The ESRI’s latest Quarterly Economic Commentary underlines the need for measures to reduce the barriers to house building, according to the Construction Industry Federation (CIF).
The report highlights the need for 25,000 houses to be built in Ireland per year, but the CIF estimates only 10,000 units will be built in 2014.[rev_slider Surety]
Speaking about the ESRI report, CIF Director General Tom Parlon said, “It’s positive that once more we are seeing the ESRI confirm that 25,000 houses need to be built in this country every year. Unfortunately we are a long way away from that figure. The past three years have seen successive record low levels of house building take place. The total number of units built dropped to only 8,301 houses and apartments last year and we don’t expect more than 10,000 units will be built this year.
“There’s no question that more house building would take place in this country if builders could overcome the barriers that are currently blocking their progress. Builders want to build. But there are a large number of hurdles that are preventing that from happening.
“Builders can’t get access to usable finance for example. The banks have only started lending for housing projects in the last couple of months and even now the terms and conditions attached don’t make it impossible to move forward with viable projects. Construction companies are not in a position to come up with 30 – 50% of the equity that the banks now seem to be demanding. If they could afford half the project price they wouldn’t need a loan in the first place.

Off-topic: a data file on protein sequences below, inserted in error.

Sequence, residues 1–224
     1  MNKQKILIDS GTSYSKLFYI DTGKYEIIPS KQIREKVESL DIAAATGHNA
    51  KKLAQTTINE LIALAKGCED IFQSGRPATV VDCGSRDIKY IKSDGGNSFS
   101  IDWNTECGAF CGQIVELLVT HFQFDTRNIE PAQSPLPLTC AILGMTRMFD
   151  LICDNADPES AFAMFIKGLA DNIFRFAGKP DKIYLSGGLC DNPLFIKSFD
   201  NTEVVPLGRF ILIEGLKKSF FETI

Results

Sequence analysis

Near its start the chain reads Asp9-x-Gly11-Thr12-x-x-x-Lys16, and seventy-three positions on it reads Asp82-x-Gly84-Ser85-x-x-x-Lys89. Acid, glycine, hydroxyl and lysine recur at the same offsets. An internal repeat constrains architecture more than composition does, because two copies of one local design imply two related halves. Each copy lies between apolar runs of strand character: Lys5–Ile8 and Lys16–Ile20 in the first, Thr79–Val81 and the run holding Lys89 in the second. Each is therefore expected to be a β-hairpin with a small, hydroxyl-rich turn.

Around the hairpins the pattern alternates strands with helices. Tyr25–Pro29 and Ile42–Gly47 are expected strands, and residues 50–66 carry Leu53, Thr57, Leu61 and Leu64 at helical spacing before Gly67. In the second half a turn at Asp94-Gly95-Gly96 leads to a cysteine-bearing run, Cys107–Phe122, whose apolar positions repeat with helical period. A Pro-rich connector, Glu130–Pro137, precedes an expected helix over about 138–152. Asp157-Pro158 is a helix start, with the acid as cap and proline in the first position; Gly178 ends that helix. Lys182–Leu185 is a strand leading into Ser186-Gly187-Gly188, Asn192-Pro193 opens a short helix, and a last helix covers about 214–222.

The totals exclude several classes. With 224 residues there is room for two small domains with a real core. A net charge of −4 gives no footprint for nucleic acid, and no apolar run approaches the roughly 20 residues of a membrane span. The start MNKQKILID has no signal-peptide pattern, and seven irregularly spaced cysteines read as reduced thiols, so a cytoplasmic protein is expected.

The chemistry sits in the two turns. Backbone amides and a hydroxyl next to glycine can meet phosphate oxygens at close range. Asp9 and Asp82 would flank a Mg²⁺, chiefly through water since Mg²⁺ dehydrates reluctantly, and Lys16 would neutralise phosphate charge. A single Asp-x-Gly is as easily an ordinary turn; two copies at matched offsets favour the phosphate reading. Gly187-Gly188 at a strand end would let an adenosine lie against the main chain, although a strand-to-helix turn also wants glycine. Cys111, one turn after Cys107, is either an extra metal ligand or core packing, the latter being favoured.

“Another problem is the cost of house building. House prices have come down considerably since the boom, but building prices haven’t. The Part V obligations for social and affordable housing are still at pre boom levels while the development levies have only marginally dropped in the case of some local authorities.
“There are also issues with planning permission. A lot of the permissions that exist at the moment are for apartments and people are not looking for apartments in the current market. If a builder wants to change that planning permission from apartments to houses then they have to reapply for new planning permission. That can take as long as a year and there is no guarantee that it will be successful.
“So you can see why we have such limited house building taking place. If more houses were being built then there would be more jobs created, more tax generated for the Exchequer and it would reduce the pressure on house prices in some parts of the country.
“The Government has the opportunity to address some of these issues in their forthcoming strategy for the construction sector. Hopefully they will remove several of these barriers because it takes time for housing projects to move from being drawn up to completion. The longer the barriers remain, the longer it will take for the market to start building sufficient numbers of houses again,” Mr. Parlon concluded.